Transparency and Corruption: Evidence from India
AbstractTheories of corruption suggest that higher levels of transparency are necessarily associated with lower levels of corruption. Yet in highly hierarchical societies in which the gulf between government officials and the most underprivileged members of society is very wide, this relationship may not hold. In this paper, I test the link between transparency and corruption by means of a field experiment. I ask how effective recourse to a freedom-of-information law is in comparison to bribery for both slum dwellers and middle-class individuals in India as they apply for basic public services. I demonstrate that applicants who make use of the freedom-of-information law attain almost the same rate of success as those who bribe. Recourse to a freedom-of-information law comes close to erasing class differences; that is, it results in comparable processing times for slum dwellers and middle-class individuals.
Download InfoIf you experience problems downloading a file, check if you have the proper application to view it first. In case of further problems read the IDEAS help page. Note that these files are not on the IDEAS site. Please be patient as the files may be large.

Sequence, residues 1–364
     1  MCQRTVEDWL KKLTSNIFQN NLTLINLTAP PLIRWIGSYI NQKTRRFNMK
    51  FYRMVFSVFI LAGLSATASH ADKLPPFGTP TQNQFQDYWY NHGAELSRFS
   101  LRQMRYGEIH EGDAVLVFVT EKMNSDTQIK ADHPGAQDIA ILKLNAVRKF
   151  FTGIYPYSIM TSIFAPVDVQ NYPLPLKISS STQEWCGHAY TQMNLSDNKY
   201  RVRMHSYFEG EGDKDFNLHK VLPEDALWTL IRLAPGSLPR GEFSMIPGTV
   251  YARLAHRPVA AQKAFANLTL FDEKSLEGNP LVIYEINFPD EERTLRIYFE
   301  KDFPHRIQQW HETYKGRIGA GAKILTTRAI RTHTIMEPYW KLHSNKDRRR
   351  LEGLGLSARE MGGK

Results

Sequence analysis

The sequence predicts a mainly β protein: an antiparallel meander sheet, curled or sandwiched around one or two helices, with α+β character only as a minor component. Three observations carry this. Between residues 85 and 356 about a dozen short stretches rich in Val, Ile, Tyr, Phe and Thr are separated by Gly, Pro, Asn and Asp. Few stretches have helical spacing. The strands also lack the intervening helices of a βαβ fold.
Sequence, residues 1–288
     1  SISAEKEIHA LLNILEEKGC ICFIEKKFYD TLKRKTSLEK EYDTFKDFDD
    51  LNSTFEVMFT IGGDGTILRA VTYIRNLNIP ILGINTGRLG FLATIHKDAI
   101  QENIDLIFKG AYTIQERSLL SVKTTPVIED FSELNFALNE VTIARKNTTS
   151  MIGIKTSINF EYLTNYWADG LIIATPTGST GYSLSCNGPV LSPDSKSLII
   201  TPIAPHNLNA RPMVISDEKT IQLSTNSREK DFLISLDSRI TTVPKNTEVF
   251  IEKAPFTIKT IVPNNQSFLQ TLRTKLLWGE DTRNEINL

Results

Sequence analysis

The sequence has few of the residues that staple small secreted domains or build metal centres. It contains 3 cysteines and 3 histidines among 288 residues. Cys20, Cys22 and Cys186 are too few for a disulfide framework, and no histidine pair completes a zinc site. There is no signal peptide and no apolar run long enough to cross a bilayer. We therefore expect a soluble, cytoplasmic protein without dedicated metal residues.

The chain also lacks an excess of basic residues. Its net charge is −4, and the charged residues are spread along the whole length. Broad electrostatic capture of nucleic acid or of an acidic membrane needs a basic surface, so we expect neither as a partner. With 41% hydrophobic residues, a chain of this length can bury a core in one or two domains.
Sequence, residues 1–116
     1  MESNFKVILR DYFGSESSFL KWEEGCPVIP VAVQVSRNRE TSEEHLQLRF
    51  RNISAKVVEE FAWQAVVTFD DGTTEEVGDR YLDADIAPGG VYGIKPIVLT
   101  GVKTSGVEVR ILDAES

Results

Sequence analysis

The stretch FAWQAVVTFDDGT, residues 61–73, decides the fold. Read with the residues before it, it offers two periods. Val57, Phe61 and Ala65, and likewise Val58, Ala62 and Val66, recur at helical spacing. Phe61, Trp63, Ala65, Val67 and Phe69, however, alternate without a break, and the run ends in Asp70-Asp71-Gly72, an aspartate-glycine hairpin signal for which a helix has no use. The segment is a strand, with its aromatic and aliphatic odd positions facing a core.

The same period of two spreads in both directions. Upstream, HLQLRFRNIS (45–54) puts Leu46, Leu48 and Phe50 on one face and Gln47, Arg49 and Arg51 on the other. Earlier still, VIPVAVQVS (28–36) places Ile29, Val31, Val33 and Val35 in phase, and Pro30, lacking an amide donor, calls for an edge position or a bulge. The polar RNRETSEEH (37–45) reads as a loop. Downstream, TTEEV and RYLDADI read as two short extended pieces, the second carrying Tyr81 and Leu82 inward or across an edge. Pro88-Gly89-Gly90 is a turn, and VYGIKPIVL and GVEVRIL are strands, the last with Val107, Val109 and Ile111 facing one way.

Bibliographic InfoArticle provided by University of Chicago Press in its journal The Journal of Law and Economics.
Volume (Year): 55 (2012)
Issue (Month): 1 ()
Pages: 129 - 149
Contact details of provider:
Web page: http://www.journals.uchicago.edu/JLE/
You can help add them by filling out this form.
reading list or among the top items on IDEAS.Access and download statisticsgeneral information about how to correct material in RePEc.
For technical questions regarding this item, or to correct its authors, title, abstract, bibliographic or download information, contact: (Journals Division).
If references are entirely missing, you can add them using this form.